Wednesday, March 21, 2007

Next Year's Course

Great Figures of the New Testament

by Amy-Jill Levine (Biography)
View printable version of this page >

The following materials are provided to enhance your learning experience. Click the links below for free information including a professor-authored course summary, recommended web links, and a condensed bibliography.

Course Summary - Professor's written description of the course.
Professor Recommended Links
Condensed Bibliography - Prepared by the professor for this course.

Course Summary

The great figures of the earliest years of the church have been remembered in various ways, depending on the needs and interests of the evangelists and their communities, because stories of Jesus and the people surrounding him—both those who followed him and those who did not—took shape in a combination of historical memory, pastoral concern, and aesthetic taste. What one Gospel chose to highlight, another ignores; what one canonical text mentions in passing, later tradition substantially develops. Such ongoing fascination with the great figures and the increasing desire to know more about them testify to the vitality of the Christian imagination.

Both the portraits of these figures in the pages of the New Testament and their reframings throughout church history are today increasingly unfamiliar. There was a time when artists and teachers, as well as clergy and worshipers, could presume on the part of all their friends and neighbors a general cultural familiarity with the Good Samaritan and the Prodigal Son; students of art knew why a skull was often depicted at the foot of Jesus’ cross; and newspaper columnists recognized that the Immaculate Conception was not the same thing as the Virgin Birth. To fail to recognize these terms and images makes us all culturally poorer, let alone theologically more ignorant.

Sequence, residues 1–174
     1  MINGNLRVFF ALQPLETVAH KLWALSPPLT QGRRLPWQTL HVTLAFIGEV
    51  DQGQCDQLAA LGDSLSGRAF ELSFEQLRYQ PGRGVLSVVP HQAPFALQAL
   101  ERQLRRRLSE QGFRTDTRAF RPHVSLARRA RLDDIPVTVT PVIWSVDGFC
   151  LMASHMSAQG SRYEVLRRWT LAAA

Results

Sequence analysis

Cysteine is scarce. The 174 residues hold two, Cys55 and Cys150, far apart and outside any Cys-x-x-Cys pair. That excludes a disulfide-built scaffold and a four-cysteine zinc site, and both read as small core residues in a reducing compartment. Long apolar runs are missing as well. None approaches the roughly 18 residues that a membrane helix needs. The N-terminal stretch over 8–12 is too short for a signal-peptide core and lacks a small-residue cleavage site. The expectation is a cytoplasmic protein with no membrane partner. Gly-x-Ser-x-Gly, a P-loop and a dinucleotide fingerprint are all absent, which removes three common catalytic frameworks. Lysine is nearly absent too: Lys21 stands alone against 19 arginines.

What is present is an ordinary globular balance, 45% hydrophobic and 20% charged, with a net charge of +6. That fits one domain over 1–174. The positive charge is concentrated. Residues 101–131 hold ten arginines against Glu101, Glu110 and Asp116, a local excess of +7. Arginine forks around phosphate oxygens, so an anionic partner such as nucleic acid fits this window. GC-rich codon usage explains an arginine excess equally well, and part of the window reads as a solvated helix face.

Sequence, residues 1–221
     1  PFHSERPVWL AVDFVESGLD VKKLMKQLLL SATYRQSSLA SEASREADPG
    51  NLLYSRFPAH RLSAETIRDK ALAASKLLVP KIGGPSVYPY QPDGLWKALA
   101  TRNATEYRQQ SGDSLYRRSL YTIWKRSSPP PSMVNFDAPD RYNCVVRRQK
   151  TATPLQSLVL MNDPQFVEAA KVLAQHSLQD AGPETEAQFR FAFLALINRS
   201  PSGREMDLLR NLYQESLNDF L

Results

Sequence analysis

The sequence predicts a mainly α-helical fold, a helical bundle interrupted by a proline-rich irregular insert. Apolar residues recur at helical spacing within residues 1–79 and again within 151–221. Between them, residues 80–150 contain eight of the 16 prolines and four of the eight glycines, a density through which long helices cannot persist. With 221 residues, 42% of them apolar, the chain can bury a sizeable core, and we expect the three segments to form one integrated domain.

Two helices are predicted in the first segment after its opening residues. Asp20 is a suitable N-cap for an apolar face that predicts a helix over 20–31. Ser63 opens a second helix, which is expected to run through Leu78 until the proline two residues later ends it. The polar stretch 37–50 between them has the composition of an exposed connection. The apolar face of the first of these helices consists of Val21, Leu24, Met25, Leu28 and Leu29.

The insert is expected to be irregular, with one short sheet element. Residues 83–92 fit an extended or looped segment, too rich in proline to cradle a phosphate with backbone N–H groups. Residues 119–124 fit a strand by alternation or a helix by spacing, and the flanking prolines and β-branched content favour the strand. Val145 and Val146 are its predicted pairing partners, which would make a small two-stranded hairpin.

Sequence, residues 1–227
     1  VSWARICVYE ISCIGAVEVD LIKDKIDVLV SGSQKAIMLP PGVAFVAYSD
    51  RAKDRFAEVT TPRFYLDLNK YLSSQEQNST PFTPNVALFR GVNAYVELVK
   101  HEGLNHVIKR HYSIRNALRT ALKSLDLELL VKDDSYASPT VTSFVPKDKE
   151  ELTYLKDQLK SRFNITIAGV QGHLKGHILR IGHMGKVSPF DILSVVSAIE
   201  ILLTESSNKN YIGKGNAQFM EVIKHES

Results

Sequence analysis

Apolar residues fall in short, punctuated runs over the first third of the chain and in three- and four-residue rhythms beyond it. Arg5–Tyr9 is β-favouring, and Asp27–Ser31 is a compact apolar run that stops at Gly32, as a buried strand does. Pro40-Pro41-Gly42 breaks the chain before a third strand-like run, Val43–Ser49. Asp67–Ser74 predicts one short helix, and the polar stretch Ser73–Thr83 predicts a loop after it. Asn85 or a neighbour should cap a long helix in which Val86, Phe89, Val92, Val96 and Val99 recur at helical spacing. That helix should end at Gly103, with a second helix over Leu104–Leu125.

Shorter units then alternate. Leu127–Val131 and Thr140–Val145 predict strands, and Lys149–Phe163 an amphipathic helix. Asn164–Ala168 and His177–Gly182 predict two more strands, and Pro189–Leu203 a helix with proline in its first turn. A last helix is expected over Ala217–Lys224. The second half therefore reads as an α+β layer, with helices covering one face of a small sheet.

The Teaching Company’s The New Testament emphasizes the Bible’s historical context and the critical methods through which the texts have been interpreted; Great Figures of the New Testament, on the other hand, takes a closer look at specific characters: who they are, what they do, and how they have been assessed across the centuries by historians and artists, theologians at their desks, and worshipers in the pew.

The figures encountered encompass the range of the great figures from the nascent church: There are shepherds and kings, friends and enemies, evangelists and martyrs, a prodigal son and a good Samaritan. Each lecture begins by retelling in brief the story of the figure at hand.

Representing the models of Old Testament piety are the elderly couple Elizabeth and Zechariah; their son, John the Baptist, moves us immediately into the dangerous world of the first century, where messianic fervor was on the rise and popular prophets knew their lives were in danger. We find a virgin, betrothed to a man named Joseph, who receives an annunciation from an angel, bears a child through the power of the Holy Spirit, and faces a parent’s greatest tragedy as she watches the death of her son. We encounter Jesus’ friends: the contemplative Mary and the vocal Martha, as well as their brother Lazarus. We join the conversations with Jesus’ interlocutors: Nicodemus and the Samaritan woman, the centurion with a paralyzed son and the desperate Canaanite mother with a demon-possessed daughter, the Pharisees and the Sadducees. We explore the stories of the Apostles—Peter and Thomas, James and John, Mary Magdalene (who becomes known as the Apostle to the Apostles), and Judas Iscariot—from the times they spent with Jesus to their post-canonical fates.